Those familiar with Uber swear by it as a wonderful alternative to regular taxi service—which typically involves desperate pleading and begging on the part of would-be customers as they try (sometimes futilely) to hail a cab. Perhaps one of the most prominent fans of Uber is Megan McArdle; see her writings here, here and here on Uber’s services. As McArdle notes, the DC Taxi Commission hates Uber with the fury of a thousand red giants since Uber has the temerity to compete effectively with DC taxi drivers and since the taxi drivers have a lot of pull with the Taxi Commission. If Uber ends up getting regulated into irrelevance or out of existence, the only people who will lose will be consumers in DC, but the DC taxi drivers and the commission don’t really care about that. They just want what they believe to be theirs, and to the infernal regions with the consumers and their wants and needs; as far as the drivers and the commission are concerned, this whole business about the customer always being right is just a bunch of taurine waste matter, not to be taken seriously.
Of course, we all know that DC is capable of craziness—after all, just look at the politicians who populate the city. But lest you think that disregard for consumer preferences is limited to DC, check out John Ross’s story:
Uber, the innovative private car service, is under attack again—this time in Denver. Transportation planners at the Colorado Public Utilities Commission (PUC) are proposing rule changes that would cripple Uber’s business model.
Sedans would no longer be able to charge by distance, which is “akin to telling a hotel it is illegal to charge by the night,” says UberDenver’s Will McCollum.
Moreover, Uber drivers would be prohibited from parking within 200 feet of a hotel, restaurant, or bar—essentially barring the service from downtown. Uber customers use a smartphone app to view a real-time map of drivers parked nearby, so the change would mean drivers have to leave downtown and other high-density areas, turn on the app, and then drive back into the city to pick up fares.
If you think that these rules are not explicitly designed to run Uber out of Denver, then I have a Peace, Anger Management and Pacifism course taught by Chris Brown to enroll you in.
And of course, overregulation designed to make innovative businesses go the way of the dinosaur and dodo bird is not limited to Uber, or alternative limousine/taxi services, or DC or Denver. Here, in my wonderful home city of Chicago, we have to put up with food trucks being collectively treated like the Anti-Christ:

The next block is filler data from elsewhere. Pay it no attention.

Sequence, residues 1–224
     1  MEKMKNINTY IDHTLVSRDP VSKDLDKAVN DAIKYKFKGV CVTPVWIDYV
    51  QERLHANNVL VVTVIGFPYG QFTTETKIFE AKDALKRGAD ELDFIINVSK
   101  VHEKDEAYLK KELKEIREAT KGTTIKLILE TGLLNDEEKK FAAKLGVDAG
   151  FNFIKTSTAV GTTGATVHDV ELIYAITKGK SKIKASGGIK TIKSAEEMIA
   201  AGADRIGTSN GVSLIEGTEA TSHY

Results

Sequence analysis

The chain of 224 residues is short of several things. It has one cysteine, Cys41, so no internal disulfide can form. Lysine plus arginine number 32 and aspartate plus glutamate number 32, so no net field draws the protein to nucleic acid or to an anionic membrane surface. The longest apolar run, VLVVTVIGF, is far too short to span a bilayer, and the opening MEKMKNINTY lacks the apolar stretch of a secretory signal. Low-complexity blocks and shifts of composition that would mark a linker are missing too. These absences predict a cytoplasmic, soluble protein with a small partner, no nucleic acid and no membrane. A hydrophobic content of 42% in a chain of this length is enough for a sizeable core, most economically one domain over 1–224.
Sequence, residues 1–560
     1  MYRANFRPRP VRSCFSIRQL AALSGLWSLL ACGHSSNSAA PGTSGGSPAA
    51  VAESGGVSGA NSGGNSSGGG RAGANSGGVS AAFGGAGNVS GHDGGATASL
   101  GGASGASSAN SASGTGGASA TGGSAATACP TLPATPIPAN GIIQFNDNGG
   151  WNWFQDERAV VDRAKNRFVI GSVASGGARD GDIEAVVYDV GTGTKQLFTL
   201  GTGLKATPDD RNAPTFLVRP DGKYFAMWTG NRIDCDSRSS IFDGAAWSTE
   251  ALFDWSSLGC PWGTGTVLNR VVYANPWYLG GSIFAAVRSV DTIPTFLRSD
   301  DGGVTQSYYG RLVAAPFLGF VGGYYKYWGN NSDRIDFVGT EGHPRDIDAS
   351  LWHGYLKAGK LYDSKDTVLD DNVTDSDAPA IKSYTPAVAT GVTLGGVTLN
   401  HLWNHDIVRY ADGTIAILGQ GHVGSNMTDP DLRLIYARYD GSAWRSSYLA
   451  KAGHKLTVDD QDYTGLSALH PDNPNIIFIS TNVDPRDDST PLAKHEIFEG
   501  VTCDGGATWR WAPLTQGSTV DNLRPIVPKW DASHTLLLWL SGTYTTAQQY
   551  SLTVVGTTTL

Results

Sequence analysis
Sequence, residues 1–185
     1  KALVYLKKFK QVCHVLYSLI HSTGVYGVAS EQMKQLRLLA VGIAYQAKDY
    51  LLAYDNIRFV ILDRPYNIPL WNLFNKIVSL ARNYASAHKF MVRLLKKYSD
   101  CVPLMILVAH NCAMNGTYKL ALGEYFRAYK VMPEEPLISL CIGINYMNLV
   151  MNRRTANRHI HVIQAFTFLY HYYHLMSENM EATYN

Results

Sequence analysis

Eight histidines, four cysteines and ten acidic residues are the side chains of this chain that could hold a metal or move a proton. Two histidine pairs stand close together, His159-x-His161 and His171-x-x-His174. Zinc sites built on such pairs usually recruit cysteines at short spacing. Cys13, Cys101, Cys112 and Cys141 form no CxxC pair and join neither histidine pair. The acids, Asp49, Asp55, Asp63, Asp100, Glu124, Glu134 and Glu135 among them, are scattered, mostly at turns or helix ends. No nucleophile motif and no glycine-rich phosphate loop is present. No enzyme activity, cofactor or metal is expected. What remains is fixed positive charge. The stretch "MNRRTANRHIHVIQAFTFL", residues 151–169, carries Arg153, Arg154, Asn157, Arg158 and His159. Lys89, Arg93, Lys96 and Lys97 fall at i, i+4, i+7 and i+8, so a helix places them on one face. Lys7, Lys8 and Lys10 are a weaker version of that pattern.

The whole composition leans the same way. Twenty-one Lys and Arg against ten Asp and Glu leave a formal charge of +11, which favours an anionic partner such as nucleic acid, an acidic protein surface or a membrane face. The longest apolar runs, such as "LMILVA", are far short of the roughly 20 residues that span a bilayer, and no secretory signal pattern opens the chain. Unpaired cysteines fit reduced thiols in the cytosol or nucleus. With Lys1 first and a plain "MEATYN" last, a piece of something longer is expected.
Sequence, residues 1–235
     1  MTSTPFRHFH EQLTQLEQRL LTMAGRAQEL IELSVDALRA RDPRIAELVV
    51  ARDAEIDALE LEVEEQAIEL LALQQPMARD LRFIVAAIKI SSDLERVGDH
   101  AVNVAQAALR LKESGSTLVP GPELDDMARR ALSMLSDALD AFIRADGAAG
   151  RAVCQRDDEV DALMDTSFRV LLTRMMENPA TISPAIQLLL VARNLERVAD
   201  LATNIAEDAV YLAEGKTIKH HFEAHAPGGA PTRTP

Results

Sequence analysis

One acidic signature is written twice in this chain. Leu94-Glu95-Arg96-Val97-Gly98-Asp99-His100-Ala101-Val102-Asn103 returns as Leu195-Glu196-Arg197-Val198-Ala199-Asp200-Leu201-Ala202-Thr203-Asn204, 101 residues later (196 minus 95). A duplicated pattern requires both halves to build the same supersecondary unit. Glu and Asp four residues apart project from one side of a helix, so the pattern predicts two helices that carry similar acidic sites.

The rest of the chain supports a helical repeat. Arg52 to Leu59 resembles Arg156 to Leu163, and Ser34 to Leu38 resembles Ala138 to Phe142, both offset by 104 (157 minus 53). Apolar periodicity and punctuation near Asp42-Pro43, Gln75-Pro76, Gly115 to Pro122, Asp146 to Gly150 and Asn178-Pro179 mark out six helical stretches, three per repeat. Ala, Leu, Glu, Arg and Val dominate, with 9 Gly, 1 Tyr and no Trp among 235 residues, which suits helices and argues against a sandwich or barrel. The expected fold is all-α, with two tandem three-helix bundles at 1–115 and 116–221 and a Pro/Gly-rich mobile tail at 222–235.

… For years city code has stipulated that no food truck can park within 200 feet of a brick-and-mortar restaurant. (Last summer, this ordinance was partially amended to allow for parking between midnight and 2 am.)
Both Balanzar and Hernandez said they go to great lengths to adhere to what city attorneys and many in Chicago’s food truck industry refer to as the “200-feet rule.”
“We went in the middle of the night, just to make sure there’s no traffic or anything like that. And we took a string, a 200-feet of string, and measured from a restaurant to the spot that we were planning to park. Just to make sure we’re 200 feet away,” Hernandez said in an interview at Kitchen Chicago, the West Side industrial center where a number of local food trucks prepare their products.
Balanzar, in particular, says that extra legwork recently paid off during a run-in with police enforcing that 200-foot rule at a West Loop intersection.
“The police came and said, ‘You know what, it’s about inches.’ So they said it’s OK,” Balanzar said.
This past summer, lawmakers tweaked some of those restrictions governing food trucks—granting them new rights, but also introducing more regulations and heavier fines.
For example: Cooking is now allowed in food trucks if the business passes hefty inspections and purchases the necessary equipment. Meanwhile, lawmakers bumped up fines for violating the 200-foot rule to as much as $2,000 and required trucks to have an on-board GPS device turned on whenever it is in service.
City officials said in a statement after the new ordinance took effect last summer that the GPS device helps both the City and customers keep track of mobile food vehicles. But food truck owners say they already reach out to their followers over social media.
Hernandez says he paid $125 for the device, plus a $25 monthly fee—a sum which might not sound like a lot, but he said his business only makes around $19,000 per year.
“I just think it’s wrong. I don’t know any other industry where you have to have a GPS or whether the City or the police need to know where you are 24-7,” he said.
I have written about this issue before. Note that the same silly, stupid “200 feet” rule that applies to Uber in Denver in terms of determining how close drivers can park to a restaurant, hotel or bar, applies to food trucks in Chicago in terms of determining how close they can park to a restaurant. Apparently, the “200 feet” rule is a symptom of a dumb law. For those who still think that government regulations exist to protect us from known and unknown dangers, and could not possibly serve rent-seeking purposes on the part of big businesses that work assiduously to put politicians in their pockets, this is your cue to think again.
I would hope that city governments in both DC and Denver wise up on their own about Uber. And I hope that Chicago’s city government wises up about food trucks. If they don’t, I could easily see some small-government, populist champions making some serious hay about the antediluvian views of the city governments in question the next time elections roll around. And I would see little reason not to support such rabble-rousers as they do so.